The breathless hype around driverless electric vehicles once promised an urban transport “revolution”, with claims that new technologies would ease congestion and eliminate harmful emissions. The potential benefits of these new technologies are stimulating both activity and anxiety in the car industry – specifically around whether the cost of investment will be justified by profits from sales of new vehicles.
The initial enthusiasm for driverless vehicles has gradually subsided, as the difficulties with introducing such technologies at scale in cities become better understood. As I explain in my new book Driving Change: Travel in the 21st Century, the future of the car is likely to be less exciting than many suppose. Rather than a revolution, these innovations will offer gradual change, when – and indeed if – the car industry can make it worthwhile.
Of course, electric motors will help to reduce tailpipe emissions of carbon dioxide and other pollutants. But commercial success is likely to depend on the optimal choice of battery chemistry to maximise the car’s range, while delivering long-life, lightweight and fast recharging cells. The recent decision by British inventor James Dyson to cancel his electric car project highlights the risks for new entrants.
Automated systems can already relieve drivers of tasks such as parking, and may ultimately lead to driverless travel. Yet both the performance and timing of autonomous vehicles (AVs) are very uncertain – independent observers predict an extended timescale for wide deployment: perhaps the 2040s to 2050s.
A key task is to agree safety standards for AVs. People are willing to accept some small risk of death or injury when at the wheel of their own car, even though 1,784 people were killed on UK roads in 2018. But when someone else in is charge – as for rail and air travel – we demand far higher standards. AVs are potentially much safer, since they could eliminate human error that is responsible for 95 per cent of road accidents.
Yet to demonstrate safe performance would require huge amounts of on-road testing, once the technology reaches an acceptable standard. Proponents argue that the best is the enemy of the good, so that AVs should be accepted for general use once they are better than a good human driver, with the expectation that their safety performance will improve as the technology is refined with increasing experience.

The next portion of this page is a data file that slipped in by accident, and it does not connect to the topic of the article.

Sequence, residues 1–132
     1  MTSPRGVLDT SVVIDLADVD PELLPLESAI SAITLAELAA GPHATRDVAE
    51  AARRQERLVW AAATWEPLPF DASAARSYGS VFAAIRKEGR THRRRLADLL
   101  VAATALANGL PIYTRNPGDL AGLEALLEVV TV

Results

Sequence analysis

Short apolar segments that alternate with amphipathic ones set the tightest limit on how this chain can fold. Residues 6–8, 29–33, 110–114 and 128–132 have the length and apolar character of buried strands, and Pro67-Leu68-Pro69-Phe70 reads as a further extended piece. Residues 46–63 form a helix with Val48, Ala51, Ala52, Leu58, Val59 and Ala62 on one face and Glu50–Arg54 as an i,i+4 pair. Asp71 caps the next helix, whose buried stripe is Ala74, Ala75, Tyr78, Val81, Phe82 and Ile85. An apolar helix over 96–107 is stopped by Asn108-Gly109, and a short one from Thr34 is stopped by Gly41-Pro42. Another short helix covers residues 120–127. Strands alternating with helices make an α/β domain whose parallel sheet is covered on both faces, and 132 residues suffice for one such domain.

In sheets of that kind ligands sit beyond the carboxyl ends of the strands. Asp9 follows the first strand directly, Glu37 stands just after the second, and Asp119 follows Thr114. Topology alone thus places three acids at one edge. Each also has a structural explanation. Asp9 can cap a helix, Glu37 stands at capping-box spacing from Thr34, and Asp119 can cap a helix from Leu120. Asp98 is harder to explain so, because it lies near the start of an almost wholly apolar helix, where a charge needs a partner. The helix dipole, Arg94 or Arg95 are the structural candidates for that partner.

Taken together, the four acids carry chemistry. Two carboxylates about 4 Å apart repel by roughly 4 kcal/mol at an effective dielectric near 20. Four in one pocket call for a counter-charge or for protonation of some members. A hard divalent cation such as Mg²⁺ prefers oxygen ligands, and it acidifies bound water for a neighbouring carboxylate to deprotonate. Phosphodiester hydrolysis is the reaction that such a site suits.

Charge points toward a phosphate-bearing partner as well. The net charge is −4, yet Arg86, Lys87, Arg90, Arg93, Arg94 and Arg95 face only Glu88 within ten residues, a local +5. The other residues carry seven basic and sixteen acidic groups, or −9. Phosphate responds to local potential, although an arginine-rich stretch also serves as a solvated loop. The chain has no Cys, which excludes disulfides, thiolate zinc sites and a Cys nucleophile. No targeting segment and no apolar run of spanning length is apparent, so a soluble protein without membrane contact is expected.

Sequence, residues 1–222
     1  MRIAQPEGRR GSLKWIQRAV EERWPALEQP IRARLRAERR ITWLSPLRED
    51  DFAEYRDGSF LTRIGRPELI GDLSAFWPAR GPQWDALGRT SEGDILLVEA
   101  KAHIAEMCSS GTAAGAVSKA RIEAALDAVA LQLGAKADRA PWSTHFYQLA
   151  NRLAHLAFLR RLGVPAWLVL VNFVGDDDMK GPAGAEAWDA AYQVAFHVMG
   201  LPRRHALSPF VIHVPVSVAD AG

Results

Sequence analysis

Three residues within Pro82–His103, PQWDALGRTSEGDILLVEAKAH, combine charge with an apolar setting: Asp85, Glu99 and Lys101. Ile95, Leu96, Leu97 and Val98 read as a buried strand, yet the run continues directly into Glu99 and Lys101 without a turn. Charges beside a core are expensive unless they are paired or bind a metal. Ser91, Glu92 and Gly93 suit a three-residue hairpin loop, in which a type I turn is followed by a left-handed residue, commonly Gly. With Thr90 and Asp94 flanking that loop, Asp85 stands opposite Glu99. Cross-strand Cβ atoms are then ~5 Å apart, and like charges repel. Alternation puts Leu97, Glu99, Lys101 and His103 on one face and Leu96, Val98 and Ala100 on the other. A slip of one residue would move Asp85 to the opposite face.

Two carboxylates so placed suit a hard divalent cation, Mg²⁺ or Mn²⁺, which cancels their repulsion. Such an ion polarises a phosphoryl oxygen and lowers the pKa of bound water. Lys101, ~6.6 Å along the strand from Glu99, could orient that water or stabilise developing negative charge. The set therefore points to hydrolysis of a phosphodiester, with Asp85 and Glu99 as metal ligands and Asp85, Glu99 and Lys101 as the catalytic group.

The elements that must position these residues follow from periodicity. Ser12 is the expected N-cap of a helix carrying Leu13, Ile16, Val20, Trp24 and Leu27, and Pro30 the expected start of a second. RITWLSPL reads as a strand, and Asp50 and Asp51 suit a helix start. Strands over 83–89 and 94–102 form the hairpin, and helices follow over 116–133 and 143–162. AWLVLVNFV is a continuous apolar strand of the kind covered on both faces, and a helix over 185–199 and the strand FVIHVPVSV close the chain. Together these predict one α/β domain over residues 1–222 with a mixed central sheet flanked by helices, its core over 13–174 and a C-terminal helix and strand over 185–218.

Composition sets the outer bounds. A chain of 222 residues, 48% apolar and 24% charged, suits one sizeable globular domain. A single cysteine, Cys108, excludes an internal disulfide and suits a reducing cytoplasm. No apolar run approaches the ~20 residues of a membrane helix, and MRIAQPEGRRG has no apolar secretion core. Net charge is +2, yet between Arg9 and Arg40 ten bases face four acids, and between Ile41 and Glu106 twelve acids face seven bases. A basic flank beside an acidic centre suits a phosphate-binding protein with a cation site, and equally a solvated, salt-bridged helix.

Within the car industry, there’s a sense of inevitability that driverless cars are the future. But there will need to be demonstrable benefits if the public is to pay the extra costs. Eliminating human taxi drivers could offer a substantial economic benefit: a robotic taxi summoned with an app is seen by some as an alternative to owning your own car.
Yet the feasibility of robotaxis is far from clear, particularly in cities with historic street layouts and extensive kerbside parking, where narrow roads require negotiation between drivers going in opposite directions. Driverless vehicles are initially being deployed in well-defined low-speed locations such as campuses, airports and business parks. Motorways where pedestrians and cyclists are excluded offer another likely location – yet getting to and from such dedicated roads would require navigation through populated streets, where driverless performance could be problematic.
Still a tough sell
Traffic congestion is the most intractable problem of the road system, reflecting an excess of demand for car travel in relation to road capacity in towns and cities where there is generally both high population density and high car ownership. Privately owned AVs could actually add to congestion, since they would travel without a passenger, for instance returning home after dropping people off, or cruising round the block while the owner is shopping.
Historic transport innovations have allowed step changes in the speed of travel: the railway in the 19th century, the car in the 20th. Increases in access to destinations, services, opportunities and choices made possible by such innovations have justified huge investments by manufacturers, public authorities and the travelling public.
By contrast, the new transport innovations will not increase the speed of travel. The car of the future will be electrically propelled, have extensive digital functionality and driverless options. But it’s unlikely to make much faster progress through traffic than the car of today.
These new transport innovations will not transform why and where people travel. Rather, they will offer incremental improvement to the quality of our journeys. As the car industry switches to electric propulsion and develops driverless options, the lack of a transformational offering to car buyers could make it hard to recover the costs of development.
Drivers will take up these innovations if they offer good value. Now, the task of the car industry is to drive down costs, to make their offerings more attractive – as it has always aimed to do.
David Metz, Honorary Professor of Transport Studies, UCL.
This article is republished from The Conversation under a Creative Commons license. Read the original article.This article is from the CityMetric archive: some formatting and images may not be present.